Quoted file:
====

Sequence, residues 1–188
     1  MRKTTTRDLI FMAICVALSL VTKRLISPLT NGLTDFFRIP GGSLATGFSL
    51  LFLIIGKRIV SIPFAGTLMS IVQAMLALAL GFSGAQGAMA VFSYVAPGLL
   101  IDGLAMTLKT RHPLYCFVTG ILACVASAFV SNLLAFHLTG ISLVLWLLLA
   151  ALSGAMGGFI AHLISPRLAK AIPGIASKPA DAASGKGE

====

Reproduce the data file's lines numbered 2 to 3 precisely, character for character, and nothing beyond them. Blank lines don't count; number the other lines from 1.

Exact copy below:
     1  MRKTTTRDLI FMAICVALSL VTKRLISPLT NGLTDFFRIP GGSLATGFSL
    51  LFLIIGKRIV SIPFAGTLMS IVQAMLALAL GFSGAQGAMA VFSYVAPGLL